Three Toned Rainbow: the Drama(turgy) of CSSP Politics

Marie Julienne Ente

ACT I: The Entrance of Colors
It is the season when trees go bare as they are used to make flyers, posters and other two-dimensional campaign materials to be propagated. Nature will pale in comparison as to how colorful this time of the year is. It is so ubiquitous that you can smell these colors anywhere you go, and know in your mind these flavors even without having to taste them.

Enter our protagonists. Enter our antagonists. Wait – enter their (the protagonists’) antagonists rather. In our story of fantastic valor we have more than one hero, more than one champion of our (so-called) sacred beliefs. They are after the same seat of power, and the same hearts that will put them there. As much as they mean well and have righteous intentions, civility can only take the two or three opposing sides to the boundaries of acquaintanceship. It’s a colorful, jolly season, but there are too many hearts (and all of them the same) to win over for our heroes to be friends, at least for now.

They will be friends to all of us. They will promise us excellence and freedom and justice in dosages they believe they can achieve. They will prescribe to us what is it that we need as students and iskolars ng bayan for that matter, because we don’t know what that is or have no capability of accomplishing it (then again, it can be both, for ignorance cannot lead to action). They will shake our hands as we pass by, and in our palms are traces of their general and specific programs of action. Their names and slogans will resound redundantly – the catchiest ones will be like musicals, while the rest will bother us like sirens.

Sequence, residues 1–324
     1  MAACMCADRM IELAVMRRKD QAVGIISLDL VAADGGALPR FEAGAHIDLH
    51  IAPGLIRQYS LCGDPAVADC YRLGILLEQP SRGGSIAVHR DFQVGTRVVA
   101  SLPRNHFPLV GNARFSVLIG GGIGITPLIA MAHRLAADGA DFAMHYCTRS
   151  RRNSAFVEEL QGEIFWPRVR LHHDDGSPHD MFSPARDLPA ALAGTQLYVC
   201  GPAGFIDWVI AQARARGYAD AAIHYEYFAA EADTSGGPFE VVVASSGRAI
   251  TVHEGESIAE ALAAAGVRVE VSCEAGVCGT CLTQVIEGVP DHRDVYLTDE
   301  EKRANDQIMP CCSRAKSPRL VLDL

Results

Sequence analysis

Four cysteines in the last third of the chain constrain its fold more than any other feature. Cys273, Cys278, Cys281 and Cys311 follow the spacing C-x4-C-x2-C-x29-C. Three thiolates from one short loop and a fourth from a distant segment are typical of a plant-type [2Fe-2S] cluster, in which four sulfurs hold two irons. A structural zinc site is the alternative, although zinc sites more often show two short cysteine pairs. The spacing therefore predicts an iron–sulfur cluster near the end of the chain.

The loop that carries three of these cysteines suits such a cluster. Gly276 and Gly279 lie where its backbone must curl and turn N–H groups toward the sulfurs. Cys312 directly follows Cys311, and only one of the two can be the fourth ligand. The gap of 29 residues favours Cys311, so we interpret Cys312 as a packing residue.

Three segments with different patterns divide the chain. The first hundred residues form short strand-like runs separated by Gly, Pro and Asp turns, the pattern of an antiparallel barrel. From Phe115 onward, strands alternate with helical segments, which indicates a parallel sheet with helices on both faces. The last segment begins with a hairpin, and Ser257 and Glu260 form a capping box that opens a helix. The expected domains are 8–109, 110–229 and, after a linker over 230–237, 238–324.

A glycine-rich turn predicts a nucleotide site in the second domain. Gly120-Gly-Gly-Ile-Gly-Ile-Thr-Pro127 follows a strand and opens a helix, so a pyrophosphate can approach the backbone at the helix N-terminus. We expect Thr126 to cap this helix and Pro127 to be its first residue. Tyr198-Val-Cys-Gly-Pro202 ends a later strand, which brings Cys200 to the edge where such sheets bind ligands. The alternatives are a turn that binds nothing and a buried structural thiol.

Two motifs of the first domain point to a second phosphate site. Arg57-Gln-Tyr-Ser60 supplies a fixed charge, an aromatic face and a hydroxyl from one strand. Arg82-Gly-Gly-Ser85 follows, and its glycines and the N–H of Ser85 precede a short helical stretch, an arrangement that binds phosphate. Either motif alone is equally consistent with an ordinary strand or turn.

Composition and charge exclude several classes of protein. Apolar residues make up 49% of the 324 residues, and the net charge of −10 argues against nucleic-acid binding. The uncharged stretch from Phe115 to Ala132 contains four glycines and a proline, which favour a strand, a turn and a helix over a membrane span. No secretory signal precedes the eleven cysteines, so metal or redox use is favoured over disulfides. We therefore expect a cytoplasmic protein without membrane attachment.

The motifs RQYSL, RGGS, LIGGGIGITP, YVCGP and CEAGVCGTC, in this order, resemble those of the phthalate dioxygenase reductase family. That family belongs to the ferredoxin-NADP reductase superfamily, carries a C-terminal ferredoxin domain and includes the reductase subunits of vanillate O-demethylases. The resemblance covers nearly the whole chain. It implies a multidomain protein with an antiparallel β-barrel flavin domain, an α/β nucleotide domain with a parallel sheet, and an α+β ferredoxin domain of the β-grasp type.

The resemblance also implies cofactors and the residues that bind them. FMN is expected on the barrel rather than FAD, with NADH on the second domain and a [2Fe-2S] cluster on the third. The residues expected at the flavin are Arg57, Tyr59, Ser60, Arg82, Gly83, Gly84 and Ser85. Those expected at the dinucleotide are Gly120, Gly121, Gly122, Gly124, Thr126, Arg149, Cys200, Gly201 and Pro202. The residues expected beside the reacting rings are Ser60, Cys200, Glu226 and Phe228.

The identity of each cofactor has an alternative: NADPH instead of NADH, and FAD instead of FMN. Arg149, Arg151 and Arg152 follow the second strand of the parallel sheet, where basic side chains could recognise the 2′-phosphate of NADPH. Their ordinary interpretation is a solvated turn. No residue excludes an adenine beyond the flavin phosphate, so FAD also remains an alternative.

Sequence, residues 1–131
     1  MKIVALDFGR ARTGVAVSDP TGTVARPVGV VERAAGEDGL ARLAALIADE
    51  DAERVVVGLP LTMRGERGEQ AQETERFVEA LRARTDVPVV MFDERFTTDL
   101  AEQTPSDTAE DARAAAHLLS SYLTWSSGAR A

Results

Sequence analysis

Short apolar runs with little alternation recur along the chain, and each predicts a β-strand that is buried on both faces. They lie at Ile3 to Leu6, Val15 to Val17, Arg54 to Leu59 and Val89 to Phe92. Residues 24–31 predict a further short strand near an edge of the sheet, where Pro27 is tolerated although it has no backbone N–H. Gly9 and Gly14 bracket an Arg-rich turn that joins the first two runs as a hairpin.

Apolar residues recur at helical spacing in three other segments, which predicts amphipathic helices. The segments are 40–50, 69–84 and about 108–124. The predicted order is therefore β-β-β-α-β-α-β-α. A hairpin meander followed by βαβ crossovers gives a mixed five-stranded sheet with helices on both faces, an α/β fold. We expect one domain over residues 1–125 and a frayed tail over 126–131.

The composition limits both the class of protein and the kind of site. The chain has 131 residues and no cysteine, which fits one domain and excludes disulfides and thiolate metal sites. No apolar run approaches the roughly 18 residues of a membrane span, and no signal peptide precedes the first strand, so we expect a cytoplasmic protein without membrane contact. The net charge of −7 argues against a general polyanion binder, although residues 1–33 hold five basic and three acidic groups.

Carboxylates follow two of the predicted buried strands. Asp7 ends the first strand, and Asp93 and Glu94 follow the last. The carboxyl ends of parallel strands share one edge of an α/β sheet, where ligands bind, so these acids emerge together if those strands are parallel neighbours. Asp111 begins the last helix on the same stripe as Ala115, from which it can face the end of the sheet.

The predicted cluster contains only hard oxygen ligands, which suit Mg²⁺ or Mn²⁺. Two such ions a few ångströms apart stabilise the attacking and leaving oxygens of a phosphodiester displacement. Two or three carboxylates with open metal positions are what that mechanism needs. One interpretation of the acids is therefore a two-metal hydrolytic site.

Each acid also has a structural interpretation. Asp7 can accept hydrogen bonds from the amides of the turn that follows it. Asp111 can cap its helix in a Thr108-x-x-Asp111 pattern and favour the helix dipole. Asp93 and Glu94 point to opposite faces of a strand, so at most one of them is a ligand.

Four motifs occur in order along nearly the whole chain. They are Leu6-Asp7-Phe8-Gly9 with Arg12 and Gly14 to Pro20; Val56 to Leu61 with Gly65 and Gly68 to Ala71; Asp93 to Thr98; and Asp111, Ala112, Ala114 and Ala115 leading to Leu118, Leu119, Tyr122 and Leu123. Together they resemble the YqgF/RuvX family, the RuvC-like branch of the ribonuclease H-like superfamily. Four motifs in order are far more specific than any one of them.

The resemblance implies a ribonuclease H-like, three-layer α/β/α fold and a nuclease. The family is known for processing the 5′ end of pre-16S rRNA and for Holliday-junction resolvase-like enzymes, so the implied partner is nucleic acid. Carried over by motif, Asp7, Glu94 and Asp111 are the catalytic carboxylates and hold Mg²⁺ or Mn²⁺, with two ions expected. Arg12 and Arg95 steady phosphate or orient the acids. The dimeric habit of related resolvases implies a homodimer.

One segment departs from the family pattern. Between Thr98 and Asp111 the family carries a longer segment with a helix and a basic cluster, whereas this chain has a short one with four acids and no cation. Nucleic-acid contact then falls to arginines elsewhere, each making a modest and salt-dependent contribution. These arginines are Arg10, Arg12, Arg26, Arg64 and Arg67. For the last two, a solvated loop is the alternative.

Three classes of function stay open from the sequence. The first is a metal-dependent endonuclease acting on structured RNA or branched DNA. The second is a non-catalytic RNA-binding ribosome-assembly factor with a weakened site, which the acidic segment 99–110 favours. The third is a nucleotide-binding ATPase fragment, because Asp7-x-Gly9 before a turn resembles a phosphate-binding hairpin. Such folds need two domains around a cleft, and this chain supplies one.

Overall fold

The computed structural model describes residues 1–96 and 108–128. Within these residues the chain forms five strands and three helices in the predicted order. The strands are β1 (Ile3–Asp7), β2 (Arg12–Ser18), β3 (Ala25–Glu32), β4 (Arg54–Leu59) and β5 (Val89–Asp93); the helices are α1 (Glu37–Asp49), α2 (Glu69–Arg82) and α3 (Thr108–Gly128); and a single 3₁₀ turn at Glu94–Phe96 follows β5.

ACT II: The Cast of Characters
Our heroes will enter our classrooms, a once limited but private space for our so-called learning. They will poise themselves on platforms (actual or imaginary) which for ten to fifteen minutes they will transform into something we don’t see every day. They will be in costume; distinct yet uniform at the same time. They will move in a certain way: restricted but not stiff. They will articulate lines that they have rehearsed for quite some time, making sure it’s concise and logical, but full of impact.

It all becomes a play. Or a performance rather, because a play somewhat insinuates some sort of farce. And the obvious evidence that pinpoints to us that this is the case is the name tag that has their first names, nicknames, nicknames, nicknames and last names on it, and beneath are the roles they wish to play. The campaign becomes an audition for the role of achieving something beyond themselves as individuals. And we happen to be the casting directors.

ACT III: Action Packed
There are two feasts for all our heroes: the primaries and the miting de avance. The former will be in celebration of one color, the latter will be of the three toned rainbow they’ll create together.

The primaries end speculation as to who are running and who are not. This is the formal introduction of the slate to the voting public. This is similar to a curtain call in a theatrical production, only that it starts instead of concludes the program. And for some reason, the gradients in the volume of applauses towards a certain cast member – I mean, rather – candidate, will signal some buzzers as to who will find it easier to do well in the elections, and who will have to exert a tad bit more effort.